Over the weekend, Google experienced a major disruption in its services within China. Google said the problem was not caused by anything the company did, leading to widespread speculation that the Chinese government is blocking Google's services.
The Wall Street Journal's Carlos Tejada and Paul Mozur reported, "Disruptions to Google Inc.'s Web-search and email services in China over the weekend underscore the uncertainty surrounding Beijing's effort to control the flow of information into the country, as well as the risks that effort poses to the government's efforts to draw global businesses. Chinese users of many of Google's services reported a lack of access late Friday, halting use of everything from Google's search engine to its Gmail email service to its Google Play mobile-applications store."
Bloomberg's Brian Womack added, "Google’s Transparency Report, which measures traffic to its sites around the world, showed a bigger-than-typical plunge in China traffic yesterday. The company’s services -- including mail, maps and document storage -- were being blocked in China, according to Greatfire.org, a website that monitors Internet activity and access in China. China’s government, which is currently holding the 18th Chinese Communist Party Congress to appoint a new generation of leaders, maintains media regulations that let it block websites that it deems out of compliance with those rules. Google said in 2010 that it would not comply and shuttered its local search page, redirecting users to a Hong Kong site. 'We’ve checked and there’s nothing wrong on our end,' Mountain View, California-based Google said yesterday in a statement."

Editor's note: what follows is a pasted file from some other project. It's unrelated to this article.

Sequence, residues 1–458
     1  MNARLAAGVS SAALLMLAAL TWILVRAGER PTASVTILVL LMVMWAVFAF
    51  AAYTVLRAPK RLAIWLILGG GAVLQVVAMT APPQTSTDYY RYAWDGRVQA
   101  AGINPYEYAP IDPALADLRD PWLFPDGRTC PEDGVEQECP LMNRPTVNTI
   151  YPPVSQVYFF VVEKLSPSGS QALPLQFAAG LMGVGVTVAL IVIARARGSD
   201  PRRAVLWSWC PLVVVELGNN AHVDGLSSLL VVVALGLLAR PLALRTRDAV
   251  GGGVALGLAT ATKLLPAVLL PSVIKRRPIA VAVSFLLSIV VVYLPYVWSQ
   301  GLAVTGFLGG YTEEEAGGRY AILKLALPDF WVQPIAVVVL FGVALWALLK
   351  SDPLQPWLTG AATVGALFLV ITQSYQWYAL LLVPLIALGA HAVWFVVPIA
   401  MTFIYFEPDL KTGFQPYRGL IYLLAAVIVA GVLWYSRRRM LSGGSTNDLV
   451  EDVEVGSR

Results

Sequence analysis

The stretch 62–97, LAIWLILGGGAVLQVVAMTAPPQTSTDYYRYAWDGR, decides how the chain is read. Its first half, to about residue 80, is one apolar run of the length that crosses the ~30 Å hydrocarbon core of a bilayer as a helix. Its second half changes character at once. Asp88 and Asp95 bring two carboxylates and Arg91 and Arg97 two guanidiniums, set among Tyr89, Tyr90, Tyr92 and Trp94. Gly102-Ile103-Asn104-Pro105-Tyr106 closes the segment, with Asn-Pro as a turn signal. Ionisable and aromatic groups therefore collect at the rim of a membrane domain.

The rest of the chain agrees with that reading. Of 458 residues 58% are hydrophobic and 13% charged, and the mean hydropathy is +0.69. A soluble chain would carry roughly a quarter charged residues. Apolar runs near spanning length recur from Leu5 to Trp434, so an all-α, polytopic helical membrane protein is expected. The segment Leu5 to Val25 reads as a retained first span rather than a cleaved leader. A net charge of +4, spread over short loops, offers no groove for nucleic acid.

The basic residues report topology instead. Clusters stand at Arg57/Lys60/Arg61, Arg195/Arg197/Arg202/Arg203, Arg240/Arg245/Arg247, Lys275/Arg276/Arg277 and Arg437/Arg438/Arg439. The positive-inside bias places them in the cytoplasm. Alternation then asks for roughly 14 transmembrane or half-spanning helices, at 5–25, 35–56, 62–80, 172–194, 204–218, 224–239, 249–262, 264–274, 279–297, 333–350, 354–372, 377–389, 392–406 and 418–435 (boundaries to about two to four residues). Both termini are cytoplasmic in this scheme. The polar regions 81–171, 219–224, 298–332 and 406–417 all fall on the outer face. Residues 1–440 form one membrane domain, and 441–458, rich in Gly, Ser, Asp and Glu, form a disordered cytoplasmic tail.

Silicon Valley / San Jose Business Journal's Lisa Ward observed, "Reports Monday morning indicate that Google Inc.'s services in China remain spotty with some reports of access after the search giant's products were shut down Friday when the Communist Party Congress met."
ZDNet's Zack Whittaker noted, "China has long been known for its 'Great Firewall,' which filters out content based on what the state ruling party does not want its citizens to see. That said, many circumvent the blocks by using proxy services and virtual private networking (VPN) services that bounce traffic through different countries where Web traffic is not restricted."